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Writing an honors thesis allows you to explore a topic in greater depth than is possible in a standard
undergraduate paper. It provides a valuable training in research skills and in sustaining an argument over
a significant number of pages. This training can be very useful in your later life, whether you choose to
enter the work force after graduation or to pursue further studies.

The thesis should identify a specific problem or question you need to address. Make sure that the problem
you identify is one that can be explored in a short thesis (“Aesthetics and Politics in the Later Works of
Thomas Mann” is not a viable topic.) As you read and make notes, keep the following questions in mind:
what am I trying to argue? Why does my argument matter? What difference does it make? How does my
argument relate to current debates in a particular field?

To write a research paper is to enter into dialogue with other scholars, and you will need to consult the
work of these scholars as you formulate your topic. A question may be of interest to people in several
different fields, so you need to identify the particular community of scholars you are addressing. (Is your
reading of Death in Venice a contribution to discussions of Thomas Mann’s position in German
literature? Or to queer theory? Or to discussions of philosophy’s impact on modern literature? In each
case, the essay will need a different framework and a different set of reference points.)

You are not required to structure your thesis around an explicit comparison of works from two or more
countries. But your thesis should embrace a “comparative attitude.” That is to say, your analysis should
reveal some knowledge of literary debates and texts beyond a specific national literary tradition.

Make sure you leave yourself enough time to re-write; the first draft will rarely be the final draft. Most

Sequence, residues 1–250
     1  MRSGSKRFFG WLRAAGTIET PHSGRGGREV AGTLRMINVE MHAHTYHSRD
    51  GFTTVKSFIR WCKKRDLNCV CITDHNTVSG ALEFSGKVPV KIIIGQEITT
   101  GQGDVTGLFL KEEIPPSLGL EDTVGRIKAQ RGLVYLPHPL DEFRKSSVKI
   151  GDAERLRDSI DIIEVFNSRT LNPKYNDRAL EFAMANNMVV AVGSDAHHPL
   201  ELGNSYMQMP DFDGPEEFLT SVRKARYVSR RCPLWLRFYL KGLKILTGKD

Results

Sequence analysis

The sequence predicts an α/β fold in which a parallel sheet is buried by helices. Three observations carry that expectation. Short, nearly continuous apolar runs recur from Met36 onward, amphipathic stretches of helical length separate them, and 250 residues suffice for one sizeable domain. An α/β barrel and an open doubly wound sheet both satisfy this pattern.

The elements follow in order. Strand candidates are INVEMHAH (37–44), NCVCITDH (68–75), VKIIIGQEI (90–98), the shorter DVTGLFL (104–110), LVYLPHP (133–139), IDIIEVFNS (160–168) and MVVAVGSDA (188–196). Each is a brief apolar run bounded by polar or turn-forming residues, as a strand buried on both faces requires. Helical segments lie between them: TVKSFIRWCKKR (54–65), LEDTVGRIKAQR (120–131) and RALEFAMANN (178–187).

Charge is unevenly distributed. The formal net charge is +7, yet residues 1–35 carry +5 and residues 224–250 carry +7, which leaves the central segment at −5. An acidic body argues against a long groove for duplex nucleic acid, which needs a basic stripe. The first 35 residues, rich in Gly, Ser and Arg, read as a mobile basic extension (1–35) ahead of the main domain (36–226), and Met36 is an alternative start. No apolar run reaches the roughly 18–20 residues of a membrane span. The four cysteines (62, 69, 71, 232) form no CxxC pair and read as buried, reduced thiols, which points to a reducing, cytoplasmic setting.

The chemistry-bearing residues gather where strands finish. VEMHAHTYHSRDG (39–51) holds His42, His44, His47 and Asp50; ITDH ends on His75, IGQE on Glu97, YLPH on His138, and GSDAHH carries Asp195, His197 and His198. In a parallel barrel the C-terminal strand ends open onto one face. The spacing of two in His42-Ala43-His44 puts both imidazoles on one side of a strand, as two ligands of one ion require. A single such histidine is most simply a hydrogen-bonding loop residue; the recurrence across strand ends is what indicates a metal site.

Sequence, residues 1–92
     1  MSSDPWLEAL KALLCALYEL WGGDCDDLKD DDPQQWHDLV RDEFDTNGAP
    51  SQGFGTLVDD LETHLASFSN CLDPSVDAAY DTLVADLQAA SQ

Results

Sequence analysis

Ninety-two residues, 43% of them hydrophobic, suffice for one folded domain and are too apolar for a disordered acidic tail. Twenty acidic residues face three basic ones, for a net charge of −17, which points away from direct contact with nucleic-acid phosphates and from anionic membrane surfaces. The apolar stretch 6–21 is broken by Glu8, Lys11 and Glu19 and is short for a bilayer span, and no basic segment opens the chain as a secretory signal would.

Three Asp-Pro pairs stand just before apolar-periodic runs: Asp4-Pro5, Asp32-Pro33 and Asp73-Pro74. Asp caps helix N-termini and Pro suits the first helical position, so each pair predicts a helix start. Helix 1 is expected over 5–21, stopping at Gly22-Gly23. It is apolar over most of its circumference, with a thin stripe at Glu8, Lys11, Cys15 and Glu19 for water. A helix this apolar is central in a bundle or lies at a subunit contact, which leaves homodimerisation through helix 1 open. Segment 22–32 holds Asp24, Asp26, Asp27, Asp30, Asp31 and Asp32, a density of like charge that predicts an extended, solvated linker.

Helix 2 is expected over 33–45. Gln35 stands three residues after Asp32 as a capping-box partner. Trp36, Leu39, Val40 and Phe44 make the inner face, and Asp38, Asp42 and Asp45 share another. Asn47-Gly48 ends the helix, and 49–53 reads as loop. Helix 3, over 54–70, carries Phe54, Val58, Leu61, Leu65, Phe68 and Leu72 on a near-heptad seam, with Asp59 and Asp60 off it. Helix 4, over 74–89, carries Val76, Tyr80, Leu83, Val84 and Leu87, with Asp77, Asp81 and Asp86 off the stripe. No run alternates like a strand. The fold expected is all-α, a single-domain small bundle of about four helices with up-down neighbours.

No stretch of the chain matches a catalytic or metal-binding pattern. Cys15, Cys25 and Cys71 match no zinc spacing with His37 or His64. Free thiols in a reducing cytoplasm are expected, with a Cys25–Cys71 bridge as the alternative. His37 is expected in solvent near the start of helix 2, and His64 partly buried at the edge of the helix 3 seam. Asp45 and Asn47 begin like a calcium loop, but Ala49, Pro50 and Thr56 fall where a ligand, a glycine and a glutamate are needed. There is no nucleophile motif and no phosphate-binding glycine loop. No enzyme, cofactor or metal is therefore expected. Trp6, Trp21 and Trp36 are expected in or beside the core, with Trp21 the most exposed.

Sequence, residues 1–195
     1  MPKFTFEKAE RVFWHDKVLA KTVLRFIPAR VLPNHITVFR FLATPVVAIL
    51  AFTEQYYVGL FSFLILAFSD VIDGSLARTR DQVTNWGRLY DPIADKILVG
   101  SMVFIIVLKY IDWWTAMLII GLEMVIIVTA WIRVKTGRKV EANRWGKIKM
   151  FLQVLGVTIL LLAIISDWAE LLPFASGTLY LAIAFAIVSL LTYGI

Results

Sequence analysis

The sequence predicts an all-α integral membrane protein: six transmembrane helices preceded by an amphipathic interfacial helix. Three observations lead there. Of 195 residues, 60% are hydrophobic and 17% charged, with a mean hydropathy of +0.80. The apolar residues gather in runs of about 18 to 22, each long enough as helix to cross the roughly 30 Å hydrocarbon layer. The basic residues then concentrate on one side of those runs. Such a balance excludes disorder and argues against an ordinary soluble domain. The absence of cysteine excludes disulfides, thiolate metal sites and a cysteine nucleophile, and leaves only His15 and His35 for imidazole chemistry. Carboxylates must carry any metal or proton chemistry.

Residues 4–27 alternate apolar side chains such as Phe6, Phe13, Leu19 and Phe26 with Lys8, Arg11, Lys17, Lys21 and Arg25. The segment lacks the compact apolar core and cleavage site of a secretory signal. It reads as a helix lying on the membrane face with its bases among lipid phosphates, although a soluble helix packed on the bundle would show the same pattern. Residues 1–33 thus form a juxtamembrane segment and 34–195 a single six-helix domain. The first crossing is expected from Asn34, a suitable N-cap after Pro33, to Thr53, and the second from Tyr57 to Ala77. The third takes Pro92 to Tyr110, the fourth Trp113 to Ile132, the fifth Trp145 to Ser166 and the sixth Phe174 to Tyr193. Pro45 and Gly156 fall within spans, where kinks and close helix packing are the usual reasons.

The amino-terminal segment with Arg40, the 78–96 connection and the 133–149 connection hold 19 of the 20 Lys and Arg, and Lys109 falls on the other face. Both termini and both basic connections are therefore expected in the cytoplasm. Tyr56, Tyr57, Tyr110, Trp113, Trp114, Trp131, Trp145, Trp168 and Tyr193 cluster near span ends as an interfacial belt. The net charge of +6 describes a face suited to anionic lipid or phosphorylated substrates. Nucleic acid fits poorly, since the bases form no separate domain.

likely you will find yourself having to make substantive revisions of your writing. We will meet several
times during the fall to discuss techniques for writing a thesis and to share work in progress.

September 30: 2 page abstract and bibliography of 10 relevant works. Your abstract should indicate the
questions you will be posing, why these questions matter, which texts you will be discussing and why,
and what angle/perspective/method you will be using. It should also indicate the proposed structure and
number of chapters.

Dec 15: submission of one chapter.

April 1 Submission of two copies of completed thesis

Practical Requirements
The length of the comparative literature thesis should be between 45 and 60 pages (double-spaced,
standard font, one inch margins), including notes but excluding bibliography. It will normally consist of
several chapters. As well as the bibliography and notes, the thesis should include a title page, a table of
contents and an acknowledgments page. It should be bound. Please proof-read carefully: spelling
mistakes and grammatical errors are not acceptable. All theses must adhere to the standard MLA
referencing system. You are strongly encouraged to consult the MLA Handbook or a similar book for
useful information about the mechanics of writing a thesis.

The thesis will be evaluated by two examiners. A prize will be awarded to the best honors thesis each